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Storm Corrosion - Storm Corrosion (Album Review)

Sunday, 29 April 2012 Written by Ben Bland
Storm Corrosion - Storm Corrosion (Album Review)

The difficult thing about long awaited collaborations is that there is that the weight of expectation is always likely to render anything but the most spectacular of end products irrelevant to the ears of many listeners. That is, of course, assuming that the two high profile collaborators have worked together to produce something of the style expected. 'Storm Corrosion', whilst it may come as no surprise to seasoned followers of its two protagonists, Steven Wilson (Porcupine Tree / No-Man / Solo) and Mikael Åkerfeldt (Opeth), to more casual fans of the pair this record is going to be a tremendous disappointment.

ImageIt is ironic that fans of these two musicians, both of whom have made their name for their involvement in the world of progressive music, will no doubt come in for stick from some ‘fans’ for an album such as this as a result of its lack of traditional instrumentation and songwriting.

The six tracks that make up this album are, mostly, sprawling epics that push the ten minute barrier with the ease and grace of classical symphonies and without reliance on cranked up guitar riffs. Åkerfeldt handles most of the, subdued, guitar parts whilst Wilson focuses on the keyboards and, most of the time, nobody brings any percussion into play. There are some beautiful melodies on this album, and also what should be regarded as Åkerfeldt’s finest vocal performance to date, but there is nothing that is conventionally ‘rock’ music at all. The focus on orchestration and unusual instrumentation creates a sound more akin to Wilson’s most experimental solo works under his own name or as Bass Communion, than it does to Porcupine Tree or Opeth.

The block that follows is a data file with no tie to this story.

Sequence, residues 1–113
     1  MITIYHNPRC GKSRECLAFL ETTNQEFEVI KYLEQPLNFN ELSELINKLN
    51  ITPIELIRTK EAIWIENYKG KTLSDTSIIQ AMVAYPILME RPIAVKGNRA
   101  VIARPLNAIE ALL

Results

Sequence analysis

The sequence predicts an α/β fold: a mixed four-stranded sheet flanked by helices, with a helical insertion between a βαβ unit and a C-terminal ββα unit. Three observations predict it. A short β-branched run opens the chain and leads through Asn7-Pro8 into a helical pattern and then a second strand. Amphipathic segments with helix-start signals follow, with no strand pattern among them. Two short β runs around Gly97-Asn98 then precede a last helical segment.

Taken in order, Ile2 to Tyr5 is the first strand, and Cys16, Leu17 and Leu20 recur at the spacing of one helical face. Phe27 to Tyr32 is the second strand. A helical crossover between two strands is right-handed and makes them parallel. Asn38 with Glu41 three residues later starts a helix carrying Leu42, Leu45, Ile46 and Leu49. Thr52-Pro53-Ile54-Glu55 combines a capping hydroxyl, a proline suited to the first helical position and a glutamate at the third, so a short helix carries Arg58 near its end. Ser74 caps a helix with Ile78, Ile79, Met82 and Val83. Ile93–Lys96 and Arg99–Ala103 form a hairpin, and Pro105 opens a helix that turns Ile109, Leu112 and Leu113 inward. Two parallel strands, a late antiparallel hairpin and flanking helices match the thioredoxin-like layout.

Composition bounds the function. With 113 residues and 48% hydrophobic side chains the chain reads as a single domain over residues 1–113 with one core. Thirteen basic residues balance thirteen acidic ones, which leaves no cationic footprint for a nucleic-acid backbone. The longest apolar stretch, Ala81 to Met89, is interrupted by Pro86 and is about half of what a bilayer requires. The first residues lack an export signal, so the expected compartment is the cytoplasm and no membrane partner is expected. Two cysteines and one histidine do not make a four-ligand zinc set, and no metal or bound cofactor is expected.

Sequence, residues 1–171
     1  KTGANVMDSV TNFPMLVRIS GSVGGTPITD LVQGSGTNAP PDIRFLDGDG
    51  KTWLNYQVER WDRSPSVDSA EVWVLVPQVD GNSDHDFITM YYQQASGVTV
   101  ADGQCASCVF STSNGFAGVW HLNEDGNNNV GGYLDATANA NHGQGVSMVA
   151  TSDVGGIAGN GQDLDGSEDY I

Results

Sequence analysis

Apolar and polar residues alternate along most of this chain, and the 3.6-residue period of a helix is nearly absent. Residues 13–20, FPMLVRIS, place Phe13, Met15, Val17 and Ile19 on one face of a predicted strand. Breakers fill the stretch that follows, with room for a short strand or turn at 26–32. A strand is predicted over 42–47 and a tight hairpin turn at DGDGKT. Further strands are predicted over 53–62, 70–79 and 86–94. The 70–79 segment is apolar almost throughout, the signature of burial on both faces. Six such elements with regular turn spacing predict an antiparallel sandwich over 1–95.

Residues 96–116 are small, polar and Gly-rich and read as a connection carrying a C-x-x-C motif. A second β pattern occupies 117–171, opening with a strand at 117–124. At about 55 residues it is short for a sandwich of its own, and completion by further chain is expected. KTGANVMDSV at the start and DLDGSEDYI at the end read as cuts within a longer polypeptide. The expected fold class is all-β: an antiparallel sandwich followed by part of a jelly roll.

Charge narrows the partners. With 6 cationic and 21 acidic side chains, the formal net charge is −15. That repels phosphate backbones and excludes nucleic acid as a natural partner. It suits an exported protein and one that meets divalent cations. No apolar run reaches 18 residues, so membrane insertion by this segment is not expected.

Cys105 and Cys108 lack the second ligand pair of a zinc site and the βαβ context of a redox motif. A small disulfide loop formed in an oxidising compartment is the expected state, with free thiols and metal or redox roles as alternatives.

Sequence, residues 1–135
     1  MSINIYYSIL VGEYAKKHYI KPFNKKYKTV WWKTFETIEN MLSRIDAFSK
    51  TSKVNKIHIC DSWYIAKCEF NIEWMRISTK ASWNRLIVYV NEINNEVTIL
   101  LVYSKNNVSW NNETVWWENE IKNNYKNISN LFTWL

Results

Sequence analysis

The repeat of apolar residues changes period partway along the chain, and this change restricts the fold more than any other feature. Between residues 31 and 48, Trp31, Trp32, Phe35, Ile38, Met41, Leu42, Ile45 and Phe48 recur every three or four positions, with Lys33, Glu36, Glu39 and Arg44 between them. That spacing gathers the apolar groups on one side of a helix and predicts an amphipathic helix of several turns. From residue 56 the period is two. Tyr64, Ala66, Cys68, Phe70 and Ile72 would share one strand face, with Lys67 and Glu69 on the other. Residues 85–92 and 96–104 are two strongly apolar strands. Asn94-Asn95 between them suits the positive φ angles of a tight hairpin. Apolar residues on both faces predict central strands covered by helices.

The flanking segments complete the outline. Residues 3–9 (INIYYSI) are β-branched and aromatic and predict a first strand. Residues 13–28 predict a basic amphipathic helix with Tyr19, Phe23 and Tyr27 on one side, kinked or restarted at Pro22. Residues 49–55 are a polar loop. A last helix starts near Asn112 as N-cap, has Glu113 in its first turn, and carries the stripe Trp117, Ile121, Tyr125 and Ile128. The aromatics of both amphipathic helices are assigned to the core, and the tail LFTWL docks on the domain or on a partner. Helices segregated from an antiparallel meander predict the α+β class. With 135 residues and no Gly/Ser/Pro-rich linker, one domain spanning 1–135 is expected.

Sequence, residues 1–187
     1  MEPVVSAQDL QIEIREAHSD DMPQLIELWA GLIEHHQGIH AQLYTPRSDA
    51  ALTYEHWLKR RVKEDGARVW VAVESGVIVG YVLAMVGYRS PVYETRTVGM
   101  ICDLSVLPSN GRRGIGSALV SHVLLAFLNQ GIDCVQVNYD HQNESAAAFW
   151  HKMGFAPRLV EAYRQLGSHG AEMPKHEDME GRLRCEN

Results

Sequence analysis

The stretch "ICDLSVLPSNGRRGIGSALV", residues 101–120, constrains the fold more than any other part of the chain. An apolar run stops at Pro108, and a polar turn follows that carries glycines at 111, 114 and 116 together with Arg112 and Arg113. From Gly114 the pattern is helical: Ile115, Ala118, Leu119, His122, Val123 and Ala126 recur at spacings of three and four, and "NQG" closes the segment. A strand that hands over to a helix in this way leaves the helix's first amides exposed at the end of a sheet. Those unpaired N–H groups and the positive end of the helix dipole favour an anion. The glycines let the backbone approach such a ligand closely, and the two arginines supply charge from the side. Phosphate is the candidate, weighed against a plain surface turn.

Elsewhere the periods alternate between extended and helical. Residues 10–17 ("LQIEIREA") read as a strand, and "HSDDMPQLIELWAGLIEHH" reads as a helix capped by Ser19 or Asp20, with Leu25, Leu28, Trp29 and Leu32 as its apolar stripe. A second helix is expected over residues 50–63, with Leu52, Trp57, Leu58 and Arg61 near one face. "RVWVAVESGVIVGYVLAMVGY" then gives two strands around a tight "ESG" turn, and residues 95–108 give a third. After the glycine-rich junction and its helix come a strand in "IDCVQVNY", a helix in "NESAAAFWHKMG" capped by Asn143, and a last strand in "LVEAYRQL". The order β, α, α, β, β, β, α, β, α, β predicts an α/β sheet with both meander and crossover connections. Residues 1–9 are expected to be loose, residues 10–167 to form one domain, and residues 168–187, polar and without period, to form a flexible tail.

Frankly the lack of ‘rock’ is no bad thing at all. Wilson released arguably his finest creative statement to date last year with 'Grace for Drowning' and Åkerfeldt decided to push the Opeth moniker further from its metal roots than ever before with 'Heritage'. Both records were dripping in the influence of classic prog rock and as such, although they were by no means typical rock albums, were full of instrumental touches associated with the genre. By contrast 'Storm Corrosion' is all the stronger for being far from that. It isn’t really validly comparable to anything most fans of either artist will be familiar with but signals that they are both still worthy of being highly regarded as creative forces.

This is experimental music at its very best and, although most listeners are more likely to be puzzled than entertained by it, 'Storm Corrosion' is clearly one of the finest records that 2012 will bring.

'Storm Corrosion' is out on 7th May via Roadrunner.

Steven Wilson’s 'Grace for Drowning' tour rolls into London’s Shepherds Bush Empire on 15th May.

Steven Wilson’s 'Grace for Drowning' is out now via K-Scope and Opeth’s 'Heritage' is out now via Roadrunner.

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